This is a most profitable business and the US$13 million that pro-gun lobbyists gave to the Bush campaign in 2000, is more than made up for by sales in the domestic and world markets. Even the US government buys from the arms merchants and then provides arms to other countries as security aid. For that reason too, the arms industry is important to America=s foreign policy.

It is important to arms capitalism and foreign policy hegemony to protect gun rights in America. It is less important to protect human rights, especially when Americans can be led to believe that the death penalty punishes the right people.

Democracy and public opinion.

Some pro-gun lobbyists say that protecting gun rights is not only constitutional but democratic. Opinion polls do show that a majority of Americans support the death penalty. But that support fell from 70% in 1998 to 64% in 1999. The single most important cause for the decline was that more Americans have come to believe that innocent persons are being executed. In one case in 2000, DNA evidence, only recently being used, showed the innocence of a black man who had been imprisoned for 18 years.

Yet, the fact remains that a majority of Americans are in favour of the death penalty. But does this mean that the government is responding to the majority will? Not really. A majority of Americans want stricter gun control measures and are not getting them. A majority of Americans want the Electoral College abolished and the government has no intention of complying. It appears then that public opinion only conveniently coincides with what the government and its pro-gun lobbies want.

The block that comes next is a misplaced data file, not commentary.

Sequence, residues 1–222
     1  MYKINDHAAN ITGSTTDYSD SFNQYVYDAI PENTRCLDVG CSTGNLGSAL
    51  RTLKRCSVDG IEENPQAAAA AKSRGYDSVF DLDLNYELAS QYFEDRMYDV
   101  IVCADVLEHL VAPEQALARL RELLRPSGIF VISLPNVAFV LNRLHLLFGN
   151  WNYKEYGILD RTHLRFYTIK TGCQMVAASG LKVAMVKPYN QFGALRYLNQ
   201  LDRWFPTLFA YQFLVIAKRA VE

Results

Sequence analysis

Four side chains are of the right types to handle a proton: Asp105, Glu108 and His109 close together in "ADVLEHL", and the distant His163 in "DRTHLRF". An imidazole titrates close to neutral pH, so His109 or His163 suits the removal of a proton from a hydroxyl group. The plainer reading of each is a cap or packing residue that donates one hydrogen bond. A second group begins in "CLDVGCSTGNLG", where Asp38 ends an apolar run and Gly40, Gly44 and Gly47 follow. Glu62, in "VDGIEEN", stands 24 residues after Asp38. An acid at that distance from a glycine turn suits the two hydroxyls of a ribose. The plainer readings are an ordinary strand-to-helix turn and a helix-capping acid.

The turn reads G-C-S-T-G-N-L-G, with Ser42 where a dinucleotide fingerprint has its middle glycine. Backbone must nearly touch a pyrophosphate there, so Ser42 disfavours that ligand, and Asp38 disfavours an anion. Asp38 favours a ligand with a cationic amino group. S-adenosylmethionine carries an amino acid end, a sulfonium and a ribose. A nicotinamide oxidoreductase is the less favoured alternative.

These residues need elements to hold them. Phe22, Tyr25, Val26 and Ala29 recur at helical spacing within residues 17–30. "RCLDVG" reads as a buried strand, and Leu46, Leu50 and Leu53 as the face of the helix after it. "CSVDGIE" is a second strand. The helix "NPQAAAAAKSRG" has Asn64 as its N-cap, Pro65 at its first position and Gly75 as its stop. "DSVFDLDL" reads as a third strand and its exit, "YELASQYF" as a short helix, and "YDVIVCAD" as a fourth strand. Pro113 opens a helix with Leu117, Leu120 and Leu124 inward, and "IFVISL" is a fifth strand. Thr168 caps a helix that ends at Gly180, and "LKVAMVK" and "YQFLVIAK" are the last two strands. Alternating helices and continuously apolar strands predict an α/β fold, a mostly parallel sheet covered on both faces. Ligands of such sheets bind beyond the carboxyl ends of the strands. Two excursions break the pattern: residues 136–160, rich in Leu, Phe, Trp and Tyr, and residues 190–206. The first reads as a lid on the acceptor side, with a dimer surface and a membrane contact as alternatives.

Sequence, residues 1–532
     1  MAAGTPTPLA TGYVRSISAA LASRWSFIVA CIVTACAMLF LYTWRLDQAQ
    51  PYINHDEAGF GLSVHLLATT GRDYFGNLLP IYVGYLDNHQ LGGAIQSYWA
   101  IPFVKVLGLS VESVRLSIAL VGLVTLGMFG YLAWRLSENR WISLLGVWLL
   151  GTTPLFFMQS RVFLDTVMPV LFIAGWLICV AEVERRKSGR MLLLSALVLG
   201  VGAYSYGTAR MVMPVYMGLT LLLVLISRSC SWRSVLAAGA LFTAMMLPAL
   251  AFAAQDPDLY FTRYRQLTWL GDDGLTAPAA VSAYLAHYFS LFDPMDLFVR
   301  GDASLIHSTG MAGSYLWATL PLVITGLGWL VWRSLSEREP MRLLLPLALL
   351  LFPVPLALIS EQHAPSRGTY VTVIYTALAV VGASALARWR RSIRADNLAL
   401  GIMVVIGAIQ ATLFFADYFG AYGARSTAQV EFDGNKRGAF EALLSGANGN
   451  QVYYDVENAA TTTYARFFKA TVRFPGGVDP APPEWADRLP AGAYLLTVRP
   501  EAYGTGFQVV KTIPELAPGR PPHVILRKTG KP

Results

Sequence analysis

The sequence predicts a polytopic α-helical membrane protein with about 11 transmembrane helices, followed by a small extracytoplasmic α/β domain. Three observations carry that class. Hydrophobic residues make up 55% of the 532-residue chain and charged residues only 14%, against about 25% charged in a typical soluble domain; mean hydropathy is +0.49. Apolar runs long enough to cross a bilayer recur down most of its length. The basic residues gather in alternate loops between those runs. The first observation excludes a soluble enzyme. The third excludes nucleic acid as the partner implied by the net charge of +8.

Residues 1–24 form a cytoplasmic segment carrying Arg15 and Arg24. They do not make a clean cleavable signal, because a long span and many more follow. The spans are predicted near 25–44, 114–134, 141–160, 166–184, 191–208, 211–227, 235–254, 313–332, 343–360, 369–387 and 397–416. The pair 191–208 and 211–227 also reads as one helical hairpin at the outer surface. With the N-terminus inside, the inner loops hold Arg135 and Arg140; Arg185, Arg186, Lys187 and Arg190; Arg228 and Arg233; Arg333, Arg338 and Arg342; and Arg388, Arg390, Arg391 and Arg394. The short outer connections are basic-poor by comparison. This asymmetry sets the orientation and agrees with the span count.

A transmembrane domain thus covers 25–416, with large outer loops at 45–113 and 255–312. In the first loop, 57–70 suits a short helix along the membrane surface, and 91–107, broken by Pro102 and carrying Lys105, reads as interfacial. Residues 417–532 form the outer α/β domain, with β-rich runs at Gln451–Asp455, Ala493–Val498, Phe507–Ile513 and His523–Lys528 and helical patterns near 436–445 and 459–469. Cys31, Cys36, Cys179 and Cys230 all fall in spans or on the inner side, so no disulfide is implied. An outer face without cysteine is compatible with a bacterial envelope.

Democracy and politics must be judged on how they affect the lives of real people. An attachment to constitutional provisions that bear no relation to reality even when those provisions hurt people, is constitutional dogmatism or constitutional fundamentalism. No other issue so directly hurt people and deprive them of that most fundamental right - the right to life - than the gun issue, along with the death penalty.

These issues face all industrialised societies. All of them have strict gun control laws and all of them, except Japan, have abolished the death penalty. In the case of Japan, gun crimes are not a major problem and the death penalty is hardly applied. The US is the major exception on these two issues. The question is why. When the profitability of the arms market is factored in, as well as the closeness of powerful gun lobbies to the Republican party, and the dependence of the two parties but mainly the Republicans on corporate money for campaigns, then the answer becomes revealing. The poor and the black do not have strong lobbies and cannot give large donations to the parties. In the end, the arms merchants get their wish, which is for the right to make, sell and own guns. The poor and black do not get their wish, they get the death penalty.